Asprey

Renovation project for the Asprey flagship jewellery store on New Bond Street, one of London's fanciest retail streets that attracts thousands of visitors daily.

 

Asprey has held this location since 1846 and was granted its first Royal Warrant in 1862. Over time, adjacent properties– listed buildings with distinct constructive elements – were occupied, after due renovation and remodelling work.  At the beginning of the 20th century, state-of-the-art glass technology was used to increase the doors and windows in the façades, making it possible to include a mezzanine. Iron columns were also incorporated into the façade, while the internal spaces were interlinked by a variety of doorways, resulting in a compartmentalised and fragmented whole.

 

The client wanted an overhaul that would meet the needs of the brand's new expansion and its image: the pinnacle luxury in British lifestyle. In addition to jewellery, arms and leather goods were to be incorporated into their collection of timepieces, fashion, silverware, objects, etc.

 

In order to gain planning permission for the new architectural proposal, it was decided to leave out the previous interventions carried out inside the buildings as maintaining them would prevent the radical internal changes required to meet the client's objectives and implement the desired layout. It made no sense to include relatively recent and senseless modifications as part of the buildings' listed condition. Each of the respective landlords of the different buildings also had to grant their approval.

The main challenge faced by the spatial strategy was to increase the built area by just over 1,000 square metres, to a total of 2,324 square metres and to include: the expanded product line, jewellery, silver and leather workshops, a totally new museum, a café, offices and support areas.

 

In terms of the design concept, the central element consisted of opening up space for an internal atrium with a glass and steel and roof cover to act as the heart of the store, serving as a point of reference for the public and encouraging it to appreciate the Georgian façades. Bridges across the atrium on the upper levels were introduced to connect different floors and the mezzanine was removed to increase the floor-to-ceiling heights and free up the façade. An existing wooden boathouse was kept, but relocated to avoid interfering with the new spatial intent. The façades were renovated and new entrances implemented, along with improved accessibility conditions.

 

The main structural objective was to ensure stability. Wall had been removed in the past that weakened the buildings, leaving them reliant on neighbouring properties and meaning that any interference could be critical. Where required, the following principles were adopted: new foundations; the insertion of steel support structures to achieve the intended spans; and, smaller modifications and reinforcements whenever necessary. A metallic portico was implemented on the ground floor in order to ensure a stable entrance to the atrium.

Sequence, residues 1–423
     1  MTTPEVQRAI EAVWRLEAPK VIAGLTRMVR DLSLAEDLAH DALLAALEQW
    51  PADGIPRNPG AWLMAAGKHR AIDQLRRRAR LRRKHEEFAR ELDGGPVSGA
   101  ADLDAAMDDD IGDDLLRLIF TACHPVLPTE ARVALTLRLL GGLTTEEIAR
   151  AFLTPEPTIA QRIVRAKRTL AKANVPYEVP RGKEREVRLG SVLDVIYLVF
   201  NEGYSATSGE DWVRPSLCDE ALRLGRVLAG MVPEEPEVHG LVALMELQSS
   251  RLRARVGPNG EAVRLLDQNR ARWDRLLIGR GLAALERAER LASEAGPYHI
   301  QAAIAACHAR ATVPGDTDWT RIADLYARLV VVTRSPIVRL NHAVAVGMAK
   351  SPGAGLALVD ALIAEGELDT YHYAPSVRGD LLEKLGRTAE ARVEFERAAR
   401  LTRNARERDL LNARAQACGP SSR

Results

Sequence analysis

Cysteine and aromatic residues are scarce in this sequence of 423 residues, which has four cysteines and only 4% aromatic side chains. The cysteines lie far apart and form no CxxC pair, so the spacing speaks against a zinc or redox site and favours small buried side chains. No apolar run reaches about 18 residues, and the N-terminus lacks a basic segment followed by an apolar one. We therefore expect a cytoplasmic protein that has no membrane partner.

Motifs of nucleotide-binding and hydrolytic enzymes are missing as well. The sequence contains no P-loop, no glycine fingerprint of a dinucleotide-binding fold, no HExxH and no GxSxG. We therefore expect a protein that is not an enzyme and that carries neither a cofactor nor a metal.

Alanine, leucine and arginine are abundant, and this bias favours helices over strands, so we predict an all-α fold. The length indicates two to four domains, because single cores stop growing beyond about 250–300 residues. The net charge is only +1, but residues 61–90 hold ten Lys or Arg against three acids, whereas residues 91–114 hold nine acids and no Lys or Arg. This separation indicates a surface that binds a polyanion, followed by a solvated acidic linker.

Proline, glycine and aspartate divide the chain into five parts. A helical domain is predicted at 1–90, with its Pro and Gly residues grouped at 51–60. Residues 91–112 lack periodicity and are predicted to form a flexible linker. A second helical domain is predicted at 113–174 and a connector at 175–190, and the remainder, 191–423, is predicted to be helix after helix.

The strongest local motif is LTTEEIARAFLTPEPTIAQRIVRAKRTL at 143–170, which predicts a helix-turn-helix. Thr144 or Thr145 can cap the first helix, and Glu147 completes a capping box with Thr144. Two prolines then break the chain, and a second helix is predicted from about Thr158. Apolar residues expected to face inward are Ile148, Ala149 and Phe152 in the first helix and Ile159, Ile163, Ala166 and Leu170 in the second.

A café overlooking the atrium from the top floor was planned, but its retractable, glass roof would have been denied planning permission as it would have been visible from the street, and so it was taken out of the final designs.

The historical significance of the New Bond Street façades made them an essential element of the design project. They were restored and structural support was added. The fixed mezzanine was also eliminated to provide more space, both internally and along the façade. The original glass needed to be substituted by toughened, bullet-proof panes, although the original façade had to be maintained. The solution was to create a steel structure behind the façade that relocated the position of the panes while preserving the exterior.  The entrance was completely redesigned to address security, conditioning and historical preservation issues while maintaining consistency with the façade.

 

The veil background behind the windows was another important and thoroughly explored element. This solution acts as a backdrop for showcasing products both in the store windows as well as internally. Another advantage offered is the increased visual security provided by its screening effect of the interiors from the street. Structurally, a system of sliding, metallic mesh panels was employed that allows access to the window displays from inside the store.

 

 

 

Development

                            

Any project taken on by Foster + Partners entails an exhaustive development process in which options are fully explored and compared against each other.  The firm also is also in the habit of discussing them with the client and the team, normally with the intent of determining why something may not be possible or why something may be better, or simply to gather the collective input.

Marina Mindlin Loeb Arquitetura / Tel: +55 11 99345-9534 / mmloeb@mmloebarquitetura.com

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